Josef Korbel master’s student and Army vet, Chris Mamaux, has some advice for his fellow DU veterans: No excuses. Crush it. He will be sharing more about what drives him and what it was like transitioning from active military to graduate school at DUSVA’s Ask A Veteran Anything event today from 12-1. Here’s a little snippet of his he’s learned over the years and what motivated him to explore the first-hand effects of non-functioning states across the Middle East/South Asia:
How long were you on active duty? I served 5 years of active duty for the U.S. Army, working in the Parachute and Stryker Infantry units.
Where did you serve? I served in a variety of different locales including:
- Georgia– I received my initial and advanced Infantry training, as well as Airborne School, commonly known as Jump School in the Peach State.
- North Carolina– Next I moved to North Carolina where I served in a line Company within the 82nd Airborne Division’s 505th Parachute Infantry Regiment.
- Texas– Then my travels took me to Texas where I served in a line Troop within the 3d Cavalry Regiment’s Sabre Squadron.
- Afghanistan– Finally, I was deployed in support of Operation Enduring Freedom (OEF), to Logar Province, Afghanistan. Here I conducted a variety of missions including partner operations with an Afghan National Army brigade and securing and escorting the ballots for the RC (regional command) East in the 2014 election. Missions ranged from the mundane to the unique during our time there, and culminated into a massive effort in the fall of 2014. During this time we worked to strategically degrade the ability of the Taliban to continue to stage attacks in and around Kabul by surging into a district in the south of Logar which had not seen US/Coalition forces since 2011.
What was the hardest part about transitioning to civilian life? Everything moves at an incredibly fast pace in the military, even when you are playing the “hurry up and wait game.” Leaving that environment and getting back into the “real world” can feel like being dropped from warp speed. The pitfall to avoid in that instance is letting yourself get too comfortable with the slower pace and losing sight of what you need to do in order to achieve your personal and professional goals.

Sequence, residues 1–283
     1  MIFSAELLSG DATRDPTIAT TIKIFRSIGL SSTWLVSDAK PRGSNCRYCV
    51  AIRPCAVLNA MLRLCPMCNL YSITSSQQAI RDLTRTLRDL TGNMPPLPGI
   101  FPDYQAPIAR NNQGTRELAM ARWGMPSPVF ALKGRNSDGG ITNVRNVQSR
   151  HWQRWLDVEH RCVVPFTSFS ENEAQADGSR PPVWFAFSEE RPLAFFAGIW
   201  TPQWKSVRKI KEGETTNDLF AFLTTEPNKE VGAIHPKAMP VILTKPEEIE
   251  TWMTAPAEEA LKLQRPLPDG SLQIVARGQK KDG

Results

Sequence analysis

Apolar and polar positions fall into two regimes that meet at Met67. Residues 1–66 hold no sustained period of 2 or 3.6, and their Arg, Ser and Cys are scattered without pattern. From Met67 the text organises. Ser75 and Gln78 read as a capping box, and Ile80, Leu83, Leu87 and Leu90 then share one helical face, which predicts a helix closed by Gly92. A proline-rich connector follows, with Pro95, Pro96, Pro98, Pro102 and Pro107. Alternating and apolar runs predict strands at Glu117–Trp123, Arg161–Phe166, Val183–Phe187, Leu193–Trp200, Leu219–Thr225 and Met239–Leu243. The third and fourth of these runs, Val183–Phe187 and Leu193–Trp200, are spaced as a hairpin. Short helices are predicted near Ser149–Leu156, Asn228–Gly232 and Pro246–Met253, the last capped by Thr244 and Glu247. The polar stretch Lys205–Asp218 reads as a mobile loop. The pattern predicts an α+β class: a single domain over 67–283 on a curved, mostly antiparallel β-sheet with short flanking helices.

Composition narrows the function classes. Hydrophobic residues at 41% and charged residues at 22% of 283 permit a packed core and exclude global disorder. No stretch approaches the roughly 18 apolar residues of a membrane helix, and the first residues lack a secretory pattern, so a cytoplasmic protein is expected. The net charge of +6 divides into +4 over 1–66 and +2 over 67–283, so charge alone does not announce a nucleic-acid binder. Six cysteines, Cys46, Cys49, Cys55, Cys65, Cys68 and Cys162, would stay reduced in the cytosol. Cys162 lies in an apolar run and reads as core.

What are you studying at DU? I am pursuing my interest in the nexus of development and security in Josef Korbel’s International Security master’s program. I am specifically interested in seeing the first-hand effects of non-functioning states across the Middle East/South Asia, and trying to understand how security provides the atmosphere for development. I suspect that, after certain thresholds have been met, this will in turn require less security down the road. My scholarship is not for a thesis, nor a substantial research paper per se, but it drives how I structure my courses as well as topics I choose for required papers/projects.
Do you have any recommendations for other veterans transitioning from active duty to university life? Any higher level academic setting is going to be a challenge, not just for you, for everyone. We’re all in the same boat, and yes, there will be times when elevated stress will be the norm – for a short while. The tasks you face will be different, but not harder than what you’ve accomplished in the military. This is your time to succeed in a different arena you also volunteered to enter. No excuses. Crush it.
*Don’t miss DUSVA’s Ask A Veteran Anything event this today from 12-1! Ten DU student veterans will be sharing their diverse experiences while serving our country and transition to civilian life.